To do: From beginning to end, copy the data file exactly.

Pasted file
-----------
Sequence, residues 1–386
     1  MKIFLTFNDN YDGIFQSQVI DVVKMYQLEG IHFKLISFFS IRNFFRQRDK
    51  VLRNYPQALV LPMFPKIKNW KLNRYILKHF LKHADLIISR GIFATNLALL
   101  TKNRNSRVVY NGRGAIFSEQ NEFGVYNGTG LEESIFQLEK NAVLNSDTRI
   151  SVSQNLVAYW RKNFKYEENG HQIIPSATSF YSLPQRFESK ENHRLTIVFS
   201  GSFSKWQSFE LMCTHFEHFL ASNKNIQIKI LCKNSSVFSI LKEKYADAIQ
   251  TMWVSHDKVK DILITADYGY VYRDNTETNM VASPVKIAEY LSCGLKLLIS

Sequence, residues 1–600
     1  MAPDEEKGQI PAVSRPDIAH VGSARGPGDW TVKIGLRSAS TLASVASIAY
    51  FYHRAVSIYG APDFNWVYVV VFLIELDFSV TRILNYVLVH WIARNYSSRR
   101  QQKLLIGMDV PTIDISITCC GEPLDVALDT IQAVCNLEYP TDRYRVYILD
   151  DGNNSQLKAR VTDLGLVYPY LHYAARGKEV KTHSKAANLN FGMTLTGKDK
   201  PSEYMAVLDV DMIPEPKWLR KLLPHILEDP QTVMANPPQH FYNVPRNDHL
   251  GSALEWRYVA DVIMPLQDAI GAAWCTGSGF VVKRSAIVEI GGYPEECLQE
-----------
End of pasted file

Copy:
Sequence, residues 1–386
     1  MKIFLTFNDN YDGIFQSQVI DVVKMYQLEG IHFKLISFFS IRNFFRQRDK
    51  VLRNYPQALV LPMFPKIKNW KLNRYILKHF LKHADLIISR GIFATNLALL
   101  TKNRNSRVVY NGRGAIFSEQ NEFGVYNGTG LEESIFQLEK NAVLNSDTRI
   151  SVSQNLVAYW RKNFKYEENG HQIIPSATSF YSLPQRFESK ENHRLTIVFS
   201  GSFSKWQSFE LMCTHFEHFL ASNKNIQIKI LCKNSSVFSI LKEKYADAIQ
   251  TMWVSHDKVK DILITADYGY VYRDNTETNM VASPVKIAEY LSCGLKLLIS

Sequence, residues 1–600
     1  MAPDEEKGQI PAVSRPDIAH VGSARGPGDW TVKIGLRSAS TLASVASIAY
    51  FYHRAVSIYG APDFNWVYVV VFLIELDFSV TRILNYVLVH WIARNYSSRR
   101  QQKLLIGMDV PTIDISITCC GEPLDVALDT IQAVCNLEYP TDRYRVYILD
   151  DGNNSQLKAR VTDLGLVYPY LHYAARGKEV KTHSKAANLN FGMTLTGKDK
   201  PSEYMAVLDV DMIPEPKWLR KLLPHILEDP QTVMANPPQH FYNVPRNDHL
   251  GSALEWRYVA DVIMPLQDAI GAAWCTGSGF VVKRSAIVEI GGYPEECLQE